For years, stem cell therapy has been used to treat certain cancers and blood disorders — but now, scientists hope it could be the answer to effectively treating Alzheimer's.
In a study published in August in the journal Cell Reports, scientists observed that mice receiving healthy hematopoietic stem cells displayed better memory and cognitive function and reduced neuroinflammation. The mice also showed a decrease in buildup of proteins blamed for Alzheimer's.
“Alzheimer’s is a very complex disease, so any potential treatment has to be able to target multiple biological pathways,” the study's lead author Dr. Stephanie Cherqui — a professor at UC San Diego School of Medicine — said in a news release. “Our work shows that hematopoietic stem and progenitor cell transplantation has the potential to prevent complications from Alzheimer’s and could be a promising therapeutic avenue for this disease.”
Alzheimer's mice receiving the stem cell transplants from healthy mice exhibited improved anxiety levels, risk perception, object recognition, and locomotor activity compared to untreated Alzheimer's mice, the findings at UC San Diego School of Medicine showed.
When researchers looked at the brains of mice treated with healthy stem cells, they observed a marked reduction in beta-amyloid plaques in both the hippocampus and cortex. (Buildup of this plaque is a hallmark of Alzheimer's.)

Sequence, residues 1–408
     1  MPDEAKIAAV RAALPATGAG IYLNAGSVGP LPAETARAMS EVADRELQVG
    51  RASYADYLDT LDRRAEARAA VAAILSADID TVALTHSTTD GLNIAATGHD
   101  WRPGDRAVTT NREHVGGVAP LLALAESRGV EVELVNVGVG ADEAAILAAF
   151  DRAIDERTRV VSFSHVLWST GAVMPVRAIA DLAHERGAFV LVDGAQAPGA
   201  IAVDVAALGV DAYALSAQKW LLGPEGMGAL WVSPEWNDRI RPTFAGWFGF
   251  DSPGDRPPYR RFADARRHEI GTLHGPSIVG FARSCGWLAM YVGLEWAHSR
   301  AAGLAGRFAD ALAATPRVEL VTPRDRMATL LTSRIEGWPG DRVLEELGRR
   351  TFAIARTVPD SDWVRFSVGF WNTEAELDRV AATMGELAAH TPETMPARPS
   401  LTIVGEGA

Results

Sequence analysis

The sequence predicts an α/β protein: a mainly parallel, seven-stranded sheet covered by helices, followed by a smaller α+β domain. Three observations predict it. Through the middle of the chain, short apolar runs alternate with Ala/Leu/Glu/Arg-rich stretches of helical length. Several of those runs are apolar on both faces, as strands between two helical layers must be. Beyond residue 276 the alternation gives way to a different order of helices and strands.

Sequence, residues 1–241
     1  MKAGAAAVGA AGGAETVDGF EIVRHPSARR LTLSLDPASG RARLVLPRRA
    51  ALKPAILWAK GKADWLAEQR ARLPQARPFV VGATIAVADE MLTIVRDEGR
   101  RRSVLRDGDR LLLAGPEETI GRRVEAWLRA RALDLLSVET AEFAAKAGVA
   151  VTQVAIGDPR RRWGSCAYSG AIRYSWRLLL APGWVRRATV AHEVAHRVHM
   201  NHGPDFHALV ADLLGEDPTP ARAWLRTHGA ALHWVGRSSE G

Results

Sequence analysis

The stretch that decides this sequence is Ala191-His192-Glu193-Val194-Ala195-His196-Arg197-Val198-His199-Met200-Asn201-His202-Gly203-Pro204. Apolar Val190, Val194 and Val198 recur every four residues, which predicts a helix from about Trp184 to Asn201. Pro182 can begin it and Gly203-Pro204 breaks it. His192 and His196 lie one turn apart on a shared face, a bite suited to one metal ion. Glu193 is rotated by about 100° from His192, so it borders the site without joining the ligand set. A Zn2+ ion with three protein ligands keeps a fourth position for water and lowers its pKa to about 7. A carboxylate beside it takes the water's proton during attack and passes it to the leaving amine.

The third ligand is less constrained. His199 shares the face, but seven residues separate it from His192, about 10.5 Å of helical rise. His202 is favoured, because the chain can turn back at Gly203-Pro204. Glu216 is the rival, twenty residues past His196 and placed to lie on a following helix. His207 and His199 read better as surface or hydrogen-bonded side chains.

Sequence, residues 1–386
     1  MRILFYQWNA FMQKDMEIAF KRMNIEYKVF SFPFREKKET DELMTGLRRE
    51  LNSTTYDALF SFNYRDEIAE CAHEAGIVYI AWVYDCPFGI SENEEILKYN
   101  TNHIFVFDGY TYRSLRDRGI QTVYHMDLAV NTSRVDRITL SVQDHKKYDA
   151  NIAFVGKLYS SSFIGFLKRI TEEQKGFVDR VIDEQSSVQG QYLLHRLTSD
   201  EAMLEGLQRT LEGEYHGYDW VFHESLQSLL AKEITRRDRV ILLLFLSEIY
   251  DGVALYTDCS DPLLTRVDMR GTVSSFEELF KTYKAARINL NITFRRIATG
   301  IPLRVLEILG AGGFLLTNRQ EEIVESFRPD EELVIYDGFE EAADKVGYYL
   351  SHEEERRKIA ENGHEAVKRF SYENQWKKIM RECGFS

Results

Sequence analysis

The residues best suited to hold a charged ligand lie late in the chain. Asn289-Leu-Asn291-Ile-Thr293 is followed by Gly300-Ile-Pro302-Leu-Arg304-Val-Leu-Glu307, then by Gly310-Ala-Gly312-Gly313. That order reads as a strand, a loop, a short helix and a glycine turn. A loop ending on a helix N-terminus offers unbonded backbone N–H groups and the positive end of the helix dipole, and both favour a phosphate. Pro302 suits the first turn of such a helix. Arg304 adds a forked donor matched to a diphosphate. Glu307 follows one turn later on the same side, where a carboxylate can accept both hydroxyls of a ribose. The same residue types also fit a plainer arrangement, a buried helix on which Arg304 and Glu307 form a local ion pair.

Here is another important takeaway: A separate group of mice received stem cells from Alzheimer's mice but did not show improvement — highlighting that the Alzheimer's-related information lied within the healthy hematopoietic stem cells.
It's worth noting this study only showed positive results in mice. Further research is needed to learn more about how and why this therapy works — and whether it might have similar results in humans with Alzheimer's.
Still, it offers hope for a debilitating condition affecting more than 6 million people in the U.S. today.
“Alzheimer’s disease poses a major emotional and economic burden on our society, yet there is no effective treatment available,” Cherqui said in the news release. “We are excited to see such promising preclinical results from hematopoietic stem cell therapy and look forward to developing a new therapeutic approach for this devastating disease.”